Stratford students: behavior program ...

Stratford students: behavior program not making their day

There are 84 comments on the Connecticut Post story from Nov 30, 2008, titled Stratford students: behavior program not making their day. In it, Connecticut Post reports that:

Jackie Temelsiz, a 13-year-old honors student in the eighth grade at Wooster Middle School, is a hard-working student who has never had a behavior problem, her mother says.

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Daegu, Korea

#1 Nov 30, 2008
Great idea for a program.
Basically if you pay attention and listen to the teachers you will never have to stand in the corner.

“... truth will out.”

Since: May 08

Stratford, Connecticut.

#2 Dec 1, 2008
"But opponents contend the penalties issued through the Make Your Day program are sometimes "harsh and unjustified." In addition to the student petition, another petition, signed by about 40 parents ...
School administrators, including Cornish, Wooster Principal Jack Lynch and Assistant Principal Jim Singletary, insist the program was advocated by teachers at the school last June after several years of deteriorating student behavior and an increase in suspensions ....
'We are down about a third of the number of suspensions where we were last year at this time,' said Lynch ..."

Apparently the complaint from parents is not that the program is ineffective, but that it's "harsh and unjustified".

Teachers disagree, I'm inclined to agree w/them.

Windham, CT

#3 Dec 1, 2008
The student in the interview did admit to disobeying the rules not once but three times, This program is like baby steps in the first and second grade, students should be used to it by now.
The problem is that they believe that they have some sort of rights that may over ride the teachers authority, they do not and should disciplined if they mis behave.
Students just do not take school seriously.
Rich from fairfield

New York, NY

#4 Dec 1, 2008
I think that this program is a good idea. Long ago when I was in Jr. High and High school those distruptive kids took up more class time than 2.5 weeks out of the school year. Humilliation in order to get kids to behave is not a new concept. Parents used this punishment years ago and it did work regardless of age. Kudos to the Stratford School system for trying to do the right thing and take charge of the class room.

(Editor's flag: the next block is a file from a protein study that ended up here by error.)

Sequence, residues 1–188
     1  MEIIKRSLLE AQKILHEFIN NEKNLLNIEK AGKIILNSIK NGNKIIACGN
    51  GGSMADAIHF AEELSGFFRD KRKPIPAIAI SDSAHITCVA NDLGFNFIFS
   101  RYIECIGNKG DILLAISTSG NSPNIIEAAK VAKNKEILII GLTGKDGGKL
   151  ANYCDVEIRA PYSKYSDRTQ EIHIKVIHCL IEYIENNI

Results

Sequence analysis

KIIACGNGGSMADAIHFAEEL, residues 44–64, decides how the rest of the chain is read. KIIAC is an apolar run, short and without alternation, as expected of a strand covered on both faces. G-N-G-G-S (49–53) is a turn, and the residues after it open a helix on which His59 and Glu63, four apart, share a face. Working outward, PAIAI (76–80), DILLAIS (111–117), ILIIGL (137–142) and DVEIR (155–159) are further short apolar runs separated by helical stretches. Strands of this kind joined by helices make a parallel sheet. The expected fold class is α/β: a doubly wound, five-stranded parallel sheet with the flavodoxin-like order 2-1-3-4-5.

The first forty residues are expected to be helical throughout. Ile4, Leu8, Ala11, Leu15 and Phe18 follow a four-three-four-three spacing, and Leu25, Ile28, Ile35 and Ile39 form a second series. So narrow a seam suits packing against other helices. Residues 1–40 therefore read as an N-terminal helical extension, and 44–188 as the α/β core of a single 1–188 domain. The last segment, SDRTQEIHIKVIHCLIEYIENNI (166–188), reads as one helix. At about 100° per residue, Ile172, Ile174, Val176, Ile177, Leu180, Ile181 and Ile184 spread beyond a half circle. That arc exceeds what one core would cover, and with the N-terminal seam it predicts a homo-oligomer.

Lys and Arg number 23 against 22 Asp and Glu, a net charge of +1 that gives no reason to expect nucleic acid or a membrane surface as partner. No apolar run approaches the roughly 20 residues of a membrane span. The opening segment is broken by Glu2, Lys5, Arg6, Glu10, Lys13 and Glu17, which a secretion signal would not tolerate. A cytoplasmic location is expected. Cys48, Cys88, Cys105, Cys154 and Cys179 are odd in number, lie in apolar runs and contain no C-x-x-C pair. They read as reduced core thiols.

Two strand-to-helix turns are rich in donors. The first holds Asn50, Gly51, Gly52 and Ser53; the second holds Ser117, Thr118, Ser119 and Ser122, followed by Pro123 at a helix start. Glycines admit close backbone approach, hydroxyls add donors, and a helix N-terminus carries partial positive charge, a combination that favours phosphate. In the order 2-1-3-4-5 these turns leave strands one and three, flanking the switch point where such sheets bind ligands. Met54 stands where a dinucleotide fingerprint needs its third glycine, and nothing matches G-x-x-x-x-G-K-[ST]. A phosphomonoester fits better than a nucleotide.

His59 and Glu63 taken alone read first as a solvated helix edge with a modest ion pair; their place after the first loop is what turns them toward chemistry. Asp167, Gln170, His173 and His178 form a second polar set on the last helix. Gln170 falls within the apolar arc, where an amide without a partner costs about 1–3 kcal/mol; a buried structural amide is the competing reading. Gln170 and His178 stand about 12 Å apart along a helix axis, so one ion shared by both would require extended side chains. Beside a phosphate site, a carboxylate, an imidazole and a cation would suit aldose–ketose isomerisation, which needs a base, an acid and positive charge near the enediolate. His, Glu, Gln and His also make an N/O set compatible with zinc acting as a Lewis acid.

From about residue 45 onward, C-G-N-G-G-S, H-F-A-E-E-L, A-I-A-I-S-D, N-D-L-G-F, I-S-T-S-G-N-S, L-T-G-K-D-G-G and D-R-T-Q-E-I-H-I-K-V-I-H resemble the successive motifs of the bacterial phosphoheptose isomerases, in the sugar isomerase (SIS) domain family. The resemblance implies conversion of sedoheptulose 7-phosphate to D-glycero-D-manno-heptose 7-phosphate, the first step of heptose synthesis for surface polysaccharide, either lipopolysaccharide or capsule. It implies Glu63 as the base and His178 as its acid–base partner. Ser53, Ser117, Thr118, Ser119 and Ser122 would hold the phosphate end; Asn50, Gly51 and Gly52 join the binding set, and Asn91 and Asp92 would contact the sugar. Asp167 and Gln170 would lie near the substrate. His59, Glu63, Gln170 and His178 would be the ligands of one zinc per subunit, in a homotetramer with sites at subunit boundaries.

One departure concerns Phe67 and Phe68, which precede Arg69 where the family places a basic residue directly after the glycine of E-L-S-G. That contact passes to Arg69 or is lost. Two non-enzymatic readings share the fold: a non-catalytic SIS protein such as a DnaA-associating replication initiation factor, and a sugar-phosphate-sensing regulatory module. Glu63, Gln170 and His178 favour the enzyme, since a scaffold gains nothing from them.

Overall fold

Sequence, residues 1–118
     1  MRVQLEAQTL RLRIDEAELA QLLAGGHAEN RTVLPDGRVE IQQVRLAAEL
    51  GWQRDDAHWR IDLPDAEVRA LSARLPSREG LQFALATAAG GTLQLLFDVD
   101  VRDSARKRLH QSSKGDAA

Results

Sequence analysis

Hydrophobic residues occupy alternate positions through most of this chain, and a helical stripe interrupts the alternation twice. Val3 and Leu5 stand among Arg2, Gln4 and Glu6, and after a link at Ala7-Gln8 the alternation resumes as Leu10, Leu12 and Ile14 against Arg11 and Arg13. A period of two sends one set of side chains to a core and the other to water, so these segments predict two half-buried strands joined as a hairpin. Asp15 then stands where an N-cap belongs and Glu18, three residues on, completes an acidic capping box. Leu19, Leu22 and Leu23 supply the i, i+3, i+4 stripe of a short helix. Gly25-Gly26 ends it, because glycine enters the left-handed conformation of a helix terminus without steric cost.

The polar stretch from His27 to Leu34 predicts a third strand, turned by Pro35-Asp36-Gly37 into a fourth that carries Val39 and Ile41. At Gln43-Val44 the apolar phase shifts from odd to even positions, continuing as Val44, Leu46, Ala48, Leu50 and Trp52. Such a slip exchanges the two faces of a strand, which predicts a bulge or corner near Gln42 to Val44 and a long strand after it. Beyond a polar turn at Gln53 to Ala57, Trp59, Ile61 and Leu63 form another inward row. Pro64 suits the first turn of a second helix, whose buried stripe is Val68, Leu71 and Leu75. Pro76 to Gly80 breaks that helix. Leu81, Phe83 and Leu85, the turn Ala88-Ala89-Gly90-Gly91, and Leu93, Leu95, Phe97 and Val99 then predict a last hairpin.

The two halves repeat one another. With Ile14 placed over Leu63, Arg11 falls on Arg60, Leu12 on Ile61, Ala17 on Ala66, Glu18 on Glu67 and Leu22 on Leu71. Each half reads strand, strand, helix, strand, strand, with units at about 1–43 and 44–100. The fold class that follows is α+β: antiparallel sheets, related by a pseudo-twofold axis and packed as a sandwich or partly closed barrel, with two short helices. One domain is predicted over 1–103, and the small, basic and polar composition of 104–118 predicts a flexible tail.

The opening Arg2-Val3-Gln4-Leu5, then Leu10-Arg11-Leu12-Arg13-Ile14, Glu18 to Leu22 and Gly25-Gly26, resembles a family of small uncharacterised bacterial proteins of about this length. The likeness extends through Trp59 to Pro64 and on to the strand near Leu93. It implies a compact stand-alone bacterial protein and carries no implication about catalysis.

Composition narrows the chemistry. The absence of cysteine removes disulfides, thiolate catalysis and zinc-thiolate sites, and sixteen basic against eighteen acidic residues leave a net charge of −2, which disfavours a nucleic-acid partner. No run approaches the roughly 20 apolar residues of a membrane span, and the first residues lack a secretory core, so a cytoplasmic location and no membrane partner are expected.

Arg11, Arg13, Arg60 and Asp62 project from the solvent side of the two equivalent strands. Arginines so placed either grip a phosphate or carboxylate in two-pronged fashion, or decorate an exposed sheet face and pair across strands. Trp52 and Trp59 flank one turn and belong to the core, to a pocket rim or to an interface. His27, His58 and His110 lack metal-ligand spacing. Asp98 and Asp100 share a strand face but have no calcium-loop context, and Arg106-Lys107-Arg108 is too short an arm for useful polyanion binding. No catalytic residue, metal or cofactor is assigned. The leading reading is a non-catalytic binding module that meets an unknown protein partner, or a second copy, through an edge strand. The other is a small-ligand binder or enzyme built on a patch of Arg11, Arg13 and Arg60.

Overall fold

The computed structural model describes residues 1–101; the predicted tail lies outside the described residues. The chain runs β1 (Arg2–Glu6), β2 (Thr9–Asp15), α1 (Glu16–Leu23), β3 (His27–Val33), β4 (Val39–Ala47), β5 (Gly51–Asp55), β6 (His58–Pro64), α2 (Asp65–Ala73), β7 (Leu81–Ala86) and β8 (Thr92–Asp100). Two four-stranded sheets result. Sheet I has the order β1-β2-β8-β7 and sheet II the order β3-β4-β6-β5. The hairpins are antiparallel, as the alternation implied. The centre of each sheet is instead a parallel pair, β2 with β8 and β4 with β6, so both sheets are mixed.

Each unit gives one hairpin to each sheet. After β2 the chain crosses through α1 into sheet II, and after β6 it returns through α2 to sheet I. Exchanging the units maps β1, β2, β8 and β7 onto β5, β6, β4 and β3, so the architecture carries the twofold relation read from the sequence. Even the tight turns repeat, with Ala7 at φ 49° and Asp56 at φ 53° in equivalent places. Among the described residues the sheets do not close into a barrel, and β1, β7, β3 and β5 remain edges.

Mr Stratford

Salem, CT

#5 Dec 1, 2008
If the students were behaving, they wouldn't need the program. So it's obvious why some students and their parents don't want the program, they don't like being called out for breaking rules. Too bad...
The one thing that turned me off was Cornish’s “zero tolerance” comment.“Zero Tolerance” programs are for mindless, spineless administrators.
concerned parent

Woodbridge, CT

#6 Dec 1, 2008
Jack Lynch is an innovator in educational leadership. Remember when he brought the dress code to a public school? He was met with resistance then, and since then, behavior problems went down, and test scores and student achievement went up at The Academy. This program involves parents in their child’s education, and puts the blame where it should be for misbehavior, on the misbehaving student, not the teachers and administrators.

Milford, CT

#7 Dec 1, 2008
Joe DeCaro wrote:
"Apparently the complaint from parents is not that the program is ineffective, but that it's "harsh and unjustified".

Teachers disagree, I'm inclined to agree w/them.